In the next few chapters, we’ll introduce a number of popular applications for Linux. We’ll start here with text editing, which underlies nearly every activity on the system. (You need an editor to create a file of more than trivial size, whether it is a program to be compiled, a configuration file for your system, or a mail message to send to a friend.) On a related topic, we’ll show you some text formatters that can make attractive documents and utilities that manage printing.
In this section, we’re going to cover the use of the vi (pronounced “vee-eye”) text editor. vi was the first real screen-based editor for Unix systems. It is also simple, small, and sleek. If you’re a system administrator, learning vi can be invaluable; in many cases, larger editors, such as Emacs, won’t be available in emergency situations (for instance, when booting Linux from a maintenance disk).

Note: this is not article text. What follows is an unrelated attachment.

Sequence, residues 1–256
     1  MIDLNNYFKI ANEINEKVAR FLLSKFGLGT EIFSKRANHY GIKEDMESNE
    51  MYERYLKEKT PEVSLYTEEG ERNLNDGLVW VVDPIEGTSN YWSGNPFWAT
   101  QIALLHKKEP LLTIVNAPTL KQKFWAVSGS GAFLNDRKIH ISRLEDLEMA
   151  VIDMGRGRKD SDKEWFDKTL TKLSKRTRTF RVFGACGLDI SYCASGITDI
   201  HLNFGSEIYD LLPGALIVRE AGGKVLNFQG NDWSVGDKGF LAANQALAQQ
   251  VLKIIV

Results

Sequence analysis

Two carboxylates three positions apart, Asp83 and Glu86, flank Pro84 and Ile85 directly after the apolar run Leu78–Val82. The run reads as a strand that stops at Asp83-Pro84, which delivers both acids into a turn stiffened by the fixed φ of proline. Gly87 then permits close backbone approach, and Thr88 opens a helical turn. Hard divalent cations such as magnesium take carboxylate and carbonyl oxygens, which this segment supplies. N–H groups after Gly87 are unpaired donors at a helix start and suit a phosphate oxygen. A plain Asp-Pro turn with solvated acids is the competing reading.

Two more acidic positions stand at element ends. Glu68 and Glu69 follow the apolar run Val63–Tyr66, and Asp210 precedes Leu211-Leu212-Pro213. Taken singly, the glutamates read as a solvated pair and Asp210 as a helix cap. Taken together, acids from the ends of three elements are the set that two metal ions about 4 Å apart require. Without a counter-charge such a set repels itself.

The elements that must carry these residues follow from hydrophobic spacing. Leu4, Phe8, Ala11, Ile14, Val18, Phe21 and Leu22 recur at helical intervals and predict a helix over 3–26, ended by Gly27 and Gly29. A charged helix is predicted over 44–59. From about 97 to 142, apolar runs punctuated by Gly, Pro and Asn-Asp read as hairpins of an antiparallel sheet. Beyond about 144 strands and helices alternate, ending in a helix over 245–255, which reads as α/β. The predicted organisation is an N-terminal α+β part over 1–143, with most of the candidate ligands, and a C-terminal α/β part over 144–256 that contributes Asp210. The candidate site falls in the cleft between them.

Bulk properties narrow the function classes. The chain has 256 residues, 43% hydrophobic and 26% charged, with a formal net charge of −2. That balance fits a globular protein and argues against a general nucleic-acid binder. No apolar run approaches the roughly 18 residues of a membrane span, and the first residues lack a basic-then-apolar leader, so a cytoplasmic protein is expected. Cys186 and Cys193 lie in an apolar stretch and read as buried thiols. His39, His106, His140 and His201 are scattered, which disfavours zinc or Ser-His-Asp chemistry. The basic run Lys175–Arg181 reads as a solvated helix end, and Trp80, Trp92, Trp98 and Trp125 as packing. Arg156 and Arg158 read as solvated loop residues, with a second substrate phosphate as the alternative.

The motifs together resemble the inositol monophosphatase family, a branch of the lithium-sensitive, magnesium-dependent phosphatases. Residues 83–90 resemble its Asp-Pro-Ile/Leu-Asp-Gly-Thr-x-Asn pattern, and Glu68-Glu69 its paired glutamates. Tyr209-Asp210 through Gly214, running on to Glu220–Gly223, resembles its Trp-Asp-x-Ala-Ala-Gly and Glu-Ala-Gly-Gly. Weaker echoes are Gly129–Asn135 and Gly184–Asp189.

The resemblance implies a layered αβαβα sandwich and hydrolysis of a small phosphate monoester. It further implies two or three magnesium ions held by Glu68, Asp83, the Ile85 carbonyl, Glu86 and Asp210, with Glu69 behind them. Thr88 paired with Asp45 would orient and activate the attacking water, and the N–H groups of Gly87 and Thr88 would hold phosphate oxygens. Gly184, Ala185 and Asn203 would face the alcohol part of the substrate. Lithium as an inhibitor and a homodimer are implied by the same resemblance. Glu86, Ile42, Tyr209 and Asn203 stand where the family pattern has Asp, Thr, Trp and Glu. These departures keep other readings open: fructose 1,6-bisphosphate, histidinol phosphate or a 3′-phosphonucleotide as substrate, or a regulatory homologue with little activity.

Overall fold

vi is based on the same principles as many other Unix applications: that each program provide a small, specific function and be able to interact with other programs. For example, vi doesn’t include its own spellchecker or paragraph filler, but those features are provided by other programs that are easy to fire off from within vi. Therefore, vi itself is a bit limited, but is able to interact with other applications to provide virtually any functionality you might want.
At first, vi may appear to be somewhat complex and unwieldy. However, ...